I now understand *why* it happens, but can we agree that these colliding pairs should not be outputted into the final font? Mathematically speaking, I know it *can* happen, but I feel we are skipping the part if it *should* happen in a tool like this.

From a font user‘s perspective, to find pairs that are actually overlapping because of excessive kerning (like a-quotesinglbase) will most definitely look like a bug.

Can you advise on how to prevent such behaviour? Should I assign "Model = 0" for those colliding pairs? And if so, how will I know that some other pairs will not get merged into a different group that will cause collision? I feel like I have no control over this.
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SCarewe
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Re: different results for similar shape

Post by SCarewe »

You essentially don't have control, no.

What might reassure you is that, with all the data crunching of hundreds of millions of letter combinations from real-world applications, Kern On has a pretty solid idea of what will actually appear in the real world.

Ask yourself: which user will actually, seriously, type the combination a„ ?

The trade-off you need to make in order for Kern On to save you weeks of kerning work for, on top of that, an even better result overall, is that you need to trust it in terms of what to kern and what not. It's a common type designer's habit to consider all theoretically possible cases equally and detach himself from what is actually used in reality ;)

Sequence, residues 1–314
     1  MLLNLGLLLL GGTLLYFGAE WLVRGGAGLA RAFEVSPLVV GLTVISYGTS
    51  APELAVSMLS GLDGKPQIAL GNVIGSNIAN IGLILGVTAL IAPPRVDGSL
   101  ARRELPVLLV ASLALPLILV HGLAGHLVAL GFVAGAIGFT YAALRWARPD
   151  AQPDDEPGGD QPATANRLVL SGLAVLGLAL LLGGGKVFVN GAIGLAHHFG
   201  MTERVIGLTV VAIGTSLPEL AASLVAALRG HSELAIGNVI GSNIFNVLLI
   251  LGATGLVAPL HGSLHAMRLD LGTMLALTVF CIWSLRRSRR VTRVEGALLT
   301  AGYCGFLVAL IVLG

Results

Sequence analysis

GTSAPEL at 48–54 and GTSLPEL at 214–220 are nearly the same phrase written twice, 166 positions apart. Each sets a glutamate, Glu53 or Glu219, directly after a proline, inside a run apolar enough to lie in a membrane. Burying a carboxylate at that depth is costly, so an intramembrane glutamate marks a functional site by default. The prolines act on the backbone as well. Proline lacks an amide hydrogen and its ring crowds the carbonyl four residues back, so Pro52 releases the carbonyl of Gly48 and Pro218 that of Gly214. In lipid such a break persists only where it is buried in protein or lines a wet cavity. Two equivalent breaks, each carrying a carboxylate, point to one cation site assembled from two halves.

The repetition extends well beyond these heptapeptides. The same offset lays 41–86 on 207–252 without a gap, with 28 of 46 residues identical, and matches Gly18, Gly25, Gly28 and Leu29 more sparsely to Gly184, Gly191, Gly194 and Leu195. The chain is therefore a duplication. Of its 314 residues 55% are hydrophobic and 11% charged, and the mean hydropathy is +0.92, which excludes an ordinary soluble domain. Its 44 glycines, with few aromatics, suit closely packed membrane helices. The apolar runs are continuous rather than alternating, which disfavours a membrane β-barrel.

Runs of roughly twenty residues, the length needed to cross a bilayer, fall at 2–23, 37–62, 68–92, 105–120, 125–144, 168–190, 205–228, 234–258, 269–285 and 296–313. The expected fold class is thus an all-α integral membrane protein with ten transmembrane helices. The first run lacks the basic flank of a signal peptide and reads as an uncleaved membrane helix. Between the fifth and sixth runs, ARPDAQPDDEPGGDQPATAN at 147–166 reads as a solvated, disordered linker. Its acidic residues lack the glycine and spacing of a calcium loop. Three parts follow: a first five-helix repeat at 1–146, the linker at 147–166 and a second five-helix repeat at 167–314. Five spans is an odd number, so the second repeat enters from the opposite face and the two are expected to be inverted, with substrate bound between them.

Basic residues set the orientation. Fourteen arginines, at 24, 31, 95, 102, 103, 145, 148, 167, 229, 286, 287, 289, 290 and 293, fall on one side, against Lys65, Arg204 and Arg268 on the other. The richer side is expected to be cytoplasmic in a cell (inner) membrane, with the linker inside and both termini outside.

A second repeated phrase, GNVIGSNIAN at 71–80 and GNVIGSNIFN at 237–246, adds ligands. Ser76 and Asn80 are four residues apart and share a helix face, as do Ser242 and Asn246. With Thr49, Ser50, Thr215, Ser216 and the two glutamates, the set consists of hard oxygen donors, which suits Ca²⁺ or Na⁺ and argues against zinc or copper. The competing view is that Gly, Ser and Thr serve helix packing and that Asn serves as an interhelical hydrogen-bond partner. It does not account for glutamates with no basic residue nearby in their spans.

chrisjansky
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Re: different results for similar shape

Post by chrisjansky »

Hmm, that is extremely disappointing then.

I appreciate your explanation—while I am completely on board with the idea that I have to forgo some level of control and trust KO to make sound decisions on what constitutes a pair worth kerning, it‘s quite a different beast altogether to get *faulty* kerning in unneeded pairs. I‘d much rather get *no* kerning in these pairs.

I‘ve been a strong advocate of KO in the face of users who say "Oh wait a minute why is there no kerning in questionmark-ccaron" (a situation that I as a native Czech speaker know would never happen) since I respect how the algorithm works and I am fine with having a "minimally-kerned" fonts that aren‘t bloated by bogus kerning no one will ever use. I actually love that idea.

Hence I usually respond "if you want to type something that basically never happens in a real language, you have to kern it yourself"—it‘s usually a one-time thing for a headline, so the matter is settled. On the other, saying "if you want to type something that basically never happens in a real language, you have to FIX the kerning yourself" (i.e. override the faulty kerning to make the glyphs stop touching each other) seems rude and is quite unacceptable for me to ship in a retail font.

I am specifically mentioning those pairs that end up in a collision/overlapping each other. How do you manage justifying this to the end user?

Anyway, as this discussion only seems to reiterate "just trust the system", I have one last question:

Tim Ahrens wrote: